Back Bay Chorale closes season with Durufle and contemporary works

May 10, 2015 at 11:45 am

By Aaron Keebaugh

Scott Allen Jarrett conducted the Back Bay Chorale’s final concert of the season Saturday night at St. Paul’s Church.

Scott Allen Jarrett and the Back Bay Chorale closed their season Saturday night at St. Paul’s Church in Cambridge with a generous offering of 20th- and 21st-century choral works.

The main attractions of the program were two pieces by Maurice Duruflé, the Quatre Motets sur des Thèmes Grégorian and his mesmerizing Requiem.

For all of the popularity of the latter, Duruflé’s other music remains largely unknown. Today, he is a composer whose works are read about more than experienced in live performances.

That’s perhaps due to the organist-composer’s limited output and artistic temperament: Duruflé’ was a perfectionist and highly critical of his own works, even editing them after publication.

The Requiem of 1947 is his best-known opus and, like other of his pieces, involves the literal reworking of Gregorian chants to the point that some critics have referred to the piece as an arrangement rather than a composition.

But to call it such is to miss the intricacies of Duruflé’s style, which, much like the folksong-laced music of Vaughan Williams, evolves from the source material to create new and sensuous sounds. The Requiem, scored for organ and choir, is a moving setting of the mass for the dead that retains the reverence of the chant tunes while capturing some of the textures and colors of musical impressionism.

Key to Duruflé’s style is the musical line, which can flow in single phrases or through silky sheets of overlapping melody. Saturday night’s performance glistened under Jarrett’s direction as he conducted with sensitivity and an ear to each passing phrase.

The hundred-plus member chorus sang with commitment, with the music’s fullest sections sounding with resplendent tone. The more exposed parts of the score, though, were uneven, the lines at times falling flat due to unfocused attacks and imprecise intonation.

But those moments were rare. The melodies of the Sanctus were bright, the soft phrases of the “Agnus Dei” glowed like embers, and the lines of the final “In paradisum” floated towards heaven in somber tones.

Mezzo-soprano Margaret Lias sang the “Pie Jesu” with a dark and affecting voice that lent a sense of longing to the music. Cellist Sassan Haghighi answered with amber-rich phrases. At the organ, Justin T. Blackwell supplied a supple accompaniment, his lines cresting and falling like waves.

The other Duruflé work of the evening, Quatre Motets sur des Thèmes Grégorian, was equally affecting. The “Ubi caritas” unfolded in low, darkly hued phrases while the cat-and-mouse counterpoint of “Tota pulchra es” gave the music a sprightly character. The darting lines of “Tu es Petrus” came to rest on rich harmonies. And the thick inner voices of the “Tantum ergo” infused the tightly wound polyphonic lines with light, ear-tingling dissonances.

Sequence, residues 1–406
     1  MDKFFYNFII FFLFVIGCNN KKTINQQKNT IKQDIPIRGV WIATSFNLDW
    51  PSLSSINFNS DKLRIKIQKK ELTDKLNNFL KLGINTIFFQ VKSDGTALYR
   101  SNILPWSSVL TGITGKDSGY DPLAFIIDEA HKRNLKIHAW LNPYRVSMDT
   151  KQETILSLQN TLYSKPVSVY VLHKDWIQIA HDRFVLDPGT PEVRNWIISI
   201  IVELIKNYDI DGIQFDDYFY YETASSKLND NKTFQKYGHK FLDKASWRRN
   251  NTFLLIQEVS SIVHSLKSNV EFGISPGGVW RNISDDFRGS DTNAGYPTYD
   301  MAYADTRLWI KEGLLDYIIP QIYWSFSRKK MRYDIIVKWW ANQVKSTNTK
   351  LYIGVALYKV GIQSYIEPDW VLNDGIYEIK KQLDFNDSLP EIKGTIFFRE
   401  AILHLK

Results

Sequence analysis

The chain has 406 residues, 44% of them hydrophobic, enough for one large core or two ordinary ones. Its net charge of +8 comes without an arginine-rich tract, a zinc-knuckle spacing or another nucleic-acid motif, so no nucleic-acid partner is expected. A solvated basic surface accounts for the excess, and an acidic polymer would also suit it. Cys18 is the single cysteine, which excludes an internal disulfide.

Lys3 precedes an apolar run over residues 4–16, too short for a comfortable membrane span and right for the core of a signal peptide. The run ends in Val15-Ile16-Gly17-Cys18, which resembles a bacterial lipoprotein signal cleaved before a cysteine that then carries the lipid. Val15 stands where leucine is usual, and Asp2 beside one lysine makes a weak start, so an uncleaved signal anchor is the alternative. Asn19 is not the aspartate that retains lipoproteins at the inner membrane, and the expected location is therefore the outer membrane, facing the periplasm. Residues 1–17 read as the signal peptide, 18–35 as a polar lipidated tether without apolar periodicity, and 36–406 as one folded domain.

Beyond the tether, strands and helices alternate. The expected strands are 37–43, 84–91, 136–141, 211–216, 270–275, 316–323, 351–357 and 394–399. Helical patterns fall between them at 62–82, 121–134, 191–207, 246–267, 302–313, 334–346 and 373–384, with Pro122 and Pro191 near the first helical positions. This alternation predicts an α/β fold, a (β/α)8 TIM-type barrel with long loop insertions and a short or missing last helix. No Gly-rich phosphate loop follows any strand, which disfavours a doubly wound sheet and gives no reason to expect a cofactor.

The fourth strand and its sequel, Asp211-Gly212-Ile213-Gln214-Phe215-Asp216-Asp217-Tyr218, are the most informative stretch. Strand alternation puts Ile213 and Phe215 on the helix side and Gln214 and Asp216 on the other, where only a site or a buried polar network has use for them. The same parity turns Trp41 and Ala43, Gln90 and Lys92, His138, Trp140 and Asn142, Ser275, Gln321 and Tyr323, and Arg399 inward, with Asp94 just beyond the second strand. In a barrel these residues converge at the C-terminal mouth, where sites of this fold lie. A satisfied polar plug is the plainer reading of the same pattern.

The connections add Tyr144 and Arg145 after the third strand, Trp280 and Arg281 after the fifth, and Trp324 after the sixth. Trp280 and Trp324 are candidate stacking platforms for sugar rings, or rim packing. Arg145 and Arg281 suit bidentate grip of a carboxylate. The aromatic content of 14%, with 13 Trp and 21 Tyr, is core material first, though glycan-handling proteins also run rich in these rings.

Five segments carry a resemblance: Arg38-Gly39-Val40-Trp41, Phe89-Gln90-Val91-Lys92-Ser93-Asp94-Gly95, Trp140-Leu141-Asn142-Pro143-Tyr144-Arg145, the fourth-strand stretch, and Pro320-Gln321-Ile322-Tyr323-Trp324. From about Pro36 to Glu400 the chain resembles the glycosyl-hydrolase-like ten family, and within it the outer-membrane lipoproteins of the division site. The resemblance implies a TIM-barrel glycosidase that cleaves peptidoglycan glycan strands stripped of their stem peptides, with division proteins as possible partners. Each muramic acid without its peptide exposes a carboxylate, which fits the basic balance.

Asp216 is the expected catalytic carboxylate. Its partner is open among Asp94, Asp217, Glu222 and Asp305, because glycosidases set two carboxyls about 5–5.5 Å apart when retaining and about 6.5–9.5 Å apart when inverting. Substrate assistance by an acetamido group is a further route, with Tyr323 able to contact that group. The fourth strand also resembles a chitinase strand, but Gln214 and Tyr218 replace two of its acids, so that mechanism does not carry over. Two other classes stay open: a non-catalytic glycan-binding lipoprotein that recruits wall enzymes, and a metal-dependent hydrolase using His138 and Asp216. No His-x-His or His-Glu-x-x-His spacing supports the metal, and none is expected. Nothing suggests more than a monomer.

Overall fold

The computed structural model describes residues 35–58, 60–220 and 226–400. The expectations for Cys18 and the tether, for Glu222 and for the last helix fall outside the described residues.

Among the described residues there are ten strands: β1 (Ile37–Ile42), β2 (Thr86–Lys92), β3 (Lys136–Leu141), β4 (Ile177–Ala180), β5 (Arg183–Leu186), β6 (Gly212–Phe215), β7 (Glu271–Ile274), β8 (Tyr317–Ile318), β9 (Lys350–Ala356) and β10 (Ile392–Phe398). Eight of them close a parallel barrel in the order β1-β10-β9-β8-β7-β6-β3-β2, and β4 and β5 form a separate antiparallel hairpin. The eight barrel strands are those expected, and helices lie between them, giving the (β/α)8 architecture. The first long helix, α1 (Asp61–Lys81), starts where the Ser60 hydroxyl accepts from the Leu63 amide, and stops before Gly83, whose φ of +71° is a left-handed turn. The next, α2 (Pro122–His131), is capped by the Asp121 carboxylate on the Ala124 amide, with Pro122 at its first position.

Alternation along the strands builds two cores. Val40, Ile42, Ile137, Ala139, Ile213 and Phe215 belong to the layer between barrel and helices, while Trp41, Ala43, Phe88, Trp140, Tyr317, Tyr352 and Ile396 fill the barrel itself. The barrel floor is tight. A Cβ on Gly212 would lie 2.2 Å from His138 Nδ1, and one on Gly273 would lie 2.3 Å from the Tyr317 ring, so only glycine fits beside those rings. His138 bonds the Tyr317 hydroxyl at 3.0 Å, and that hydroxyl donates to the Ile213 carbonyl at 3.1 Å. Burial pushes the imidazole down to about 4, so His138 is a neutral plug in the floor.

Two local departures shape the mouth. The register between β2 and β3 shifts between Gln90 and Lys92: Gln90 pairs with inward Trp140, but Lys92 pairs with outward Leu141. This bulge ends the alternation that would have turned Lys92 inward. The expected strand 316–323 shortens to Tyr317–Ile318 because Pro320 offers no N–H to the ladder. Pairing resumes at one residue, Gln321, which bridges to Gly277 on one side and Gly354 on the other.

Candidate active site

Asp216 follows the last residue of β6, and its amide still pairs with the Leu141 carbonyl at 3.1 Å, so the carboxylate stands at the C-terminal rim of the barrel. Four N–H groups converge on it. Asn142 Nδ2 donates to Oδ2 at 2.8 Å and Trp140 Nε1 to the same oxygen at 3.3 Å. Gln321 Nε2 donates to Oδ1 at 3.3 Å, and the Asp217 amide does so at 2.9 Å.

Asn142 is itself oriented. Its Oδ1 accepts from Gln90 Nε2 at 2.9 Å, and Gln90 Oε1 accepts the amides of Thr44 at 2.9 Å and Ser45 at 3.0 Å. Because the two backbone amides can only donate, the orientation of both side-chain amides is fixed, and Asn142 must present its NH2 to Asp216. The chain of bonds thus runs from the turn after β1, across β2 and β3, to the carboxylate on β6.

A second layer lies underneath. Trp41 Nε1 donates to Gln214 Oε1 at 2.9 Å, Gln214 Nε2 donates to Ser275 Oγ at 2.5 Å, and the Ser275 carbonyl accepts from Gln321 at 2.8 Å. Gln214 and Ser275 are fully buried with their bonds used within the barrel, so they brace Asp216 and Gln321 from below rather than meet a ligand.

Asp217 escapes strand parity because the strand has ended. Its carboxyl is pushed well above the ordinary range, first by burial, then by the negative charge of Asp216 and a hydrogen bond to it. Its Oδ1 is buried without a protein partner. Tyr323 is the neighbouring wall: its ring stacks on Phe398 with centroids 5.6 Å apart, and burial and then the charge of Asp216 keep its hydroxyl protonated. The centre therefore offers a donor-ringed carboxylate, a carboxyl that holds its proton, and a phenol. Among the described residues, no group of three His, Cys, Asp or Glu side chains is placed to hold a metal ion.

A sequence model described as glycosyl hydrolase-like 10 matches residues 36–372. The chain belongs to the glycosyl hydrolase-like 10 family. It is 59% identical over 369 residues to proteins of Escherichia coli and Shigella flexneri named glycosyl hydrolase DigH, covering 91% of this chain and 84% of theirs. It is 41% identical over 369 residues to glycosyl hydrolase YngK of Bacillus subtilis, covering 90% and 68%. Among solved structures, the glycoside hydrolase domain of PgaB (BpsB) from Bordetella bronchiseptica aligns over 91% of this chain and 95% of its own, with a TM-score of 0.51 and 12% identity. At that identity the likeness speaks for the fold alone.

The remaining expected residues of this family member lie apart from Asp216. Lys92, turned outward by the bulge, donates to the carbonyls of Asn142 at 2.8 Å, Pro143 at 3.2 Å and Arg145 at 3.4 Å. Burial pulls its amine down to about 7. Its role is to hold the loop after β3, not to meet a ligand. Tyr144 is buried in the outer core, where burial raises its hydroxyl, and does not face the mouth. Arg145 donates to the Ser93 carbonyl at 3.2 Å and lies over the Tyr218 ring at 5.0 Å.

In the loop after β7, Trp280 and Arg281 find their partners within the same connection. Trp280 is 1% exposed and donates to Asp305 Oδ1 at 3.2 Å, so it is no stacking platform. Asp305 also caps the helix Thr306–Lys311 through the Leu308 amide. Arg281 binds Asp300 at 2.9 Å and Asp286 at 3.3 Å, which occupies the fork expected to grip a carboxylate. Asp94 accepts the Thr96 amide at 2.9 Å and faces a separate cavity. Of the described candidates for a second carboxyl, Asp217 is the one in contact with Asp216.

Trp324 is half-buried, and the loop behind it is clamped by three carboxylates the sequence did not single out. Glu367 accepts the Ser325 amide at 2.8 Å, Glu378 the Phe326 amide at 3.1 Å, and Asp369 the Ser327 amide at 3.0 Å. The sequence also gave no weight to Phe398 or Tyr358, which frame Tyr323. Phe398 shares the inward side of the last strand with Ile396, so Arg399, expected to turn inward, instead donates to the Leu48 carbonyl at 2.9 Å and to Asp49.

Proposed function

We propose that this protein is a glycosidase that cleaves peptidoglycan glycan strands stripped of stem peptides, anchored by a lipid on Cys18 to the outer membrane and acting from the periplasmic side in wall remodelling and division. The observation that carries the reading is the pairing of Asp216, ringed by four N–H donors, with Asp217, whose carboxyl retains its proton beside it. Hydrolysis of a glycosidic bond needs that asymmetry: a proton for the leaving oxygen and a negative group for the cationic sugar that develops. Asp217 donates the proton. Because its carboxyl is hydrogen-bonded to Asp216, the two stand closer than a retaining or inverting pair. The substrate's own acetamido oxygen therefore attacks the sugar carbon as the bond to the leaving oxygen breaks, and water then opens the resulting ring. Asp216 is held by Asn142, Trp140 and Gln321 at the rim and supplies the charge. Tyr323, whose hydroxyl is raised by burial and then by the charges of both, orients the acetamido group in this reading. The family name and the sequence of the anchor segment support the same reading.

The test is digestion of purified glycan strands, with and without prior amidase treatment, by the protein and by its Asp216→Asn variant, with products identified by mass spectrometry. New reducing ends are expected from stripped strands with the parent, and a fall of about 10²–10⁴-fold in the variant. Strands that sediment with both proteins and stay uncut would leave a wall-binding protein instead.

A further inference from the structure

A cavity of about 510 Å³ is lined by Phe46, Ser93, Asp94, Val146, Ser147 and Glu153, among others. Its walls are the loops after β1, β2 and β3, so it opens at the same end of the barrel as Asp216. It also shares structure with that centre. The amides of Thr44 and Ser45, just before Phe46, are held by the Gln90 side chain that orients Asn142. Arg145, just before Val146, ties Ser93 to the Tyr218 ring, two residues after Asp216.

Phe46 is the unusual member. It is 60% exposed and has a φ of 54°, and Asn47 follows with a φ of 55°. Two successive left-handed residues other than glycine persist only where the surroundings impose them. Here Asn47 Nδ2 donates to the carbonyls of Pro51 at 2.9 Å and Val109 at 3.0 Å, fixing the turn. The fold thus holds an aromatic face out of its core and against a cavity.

Through it all, Back Bay Chorale conducting fellow Mariah Wilson led a silky performance. The  singers responded to her gentle gestures with clarity and energy.

The first half of the program was dedicated to a number of shorter choral works.

For Jeremiah Ingalls’ Northfield and Ingram Marshall’s Hymnodic Delays: Bright Hour Delayed, the singers of the Back Bay Chorale were staged antiphonally, with two choirs placed on either side of the church and two more split between the front and back of the altar space. Underlining the polyphonic style of these works, the voices came from all directions, forming chords in midair before evaporating into silence.

The setup, though, was not without its problems. Saint Paul’s reverberant acoustical space enables lush sonorities to form. But in this case, the church was poor for diction, and the texts of these pieces were unfortunately lost in the swirl of sound.

Those problems were remedied in Tarik O’Regan’s We Remember Them, a work of stirring beauty where chords disperse into thin pitches that hang in space. The choir, now situated center stage, layered harmonies upon the soft, stately melodies sung by soloist Becca Kornet.

Jake Runestad’s I will lift my eyes is simpler in style, solidly scored, and built from luminous harmonies. Conductor Jarrett guided a supple reading while drawing clear phrases from the chorus.

Morten Lauridsen’s Ubi caritas et amor was also beautifully rendered. His writing makes colorful use of a style that today has become a cliché of the genre, namely the frequent use thick chords infused with suspended seconds and fourths.

The Back Bay Chorale gave the work a sensitive performance. Jarrett shaped the sound with crescendos, sudden fortes, and subtle phrases that lifted the soft concluding Amen skyward.

The Back Bay Chorale will join the Boston Landmarks Orchestra in excerpts from Italian opera 7 p.m. August 5 at the Hatch Shell on the Esplanade.


Posted in Performances

One Response to “Back Bay Chorale closes season with Durufle and contemporary works”

  1. Posted May 11, 2015 at 10:07 am by Lee Michaels

    I was visiting family in the Boston suburbs and, by coincidence my visit coincided with this concert, in which two family members were members of the chorale. I loved the concert and hated to see it end.

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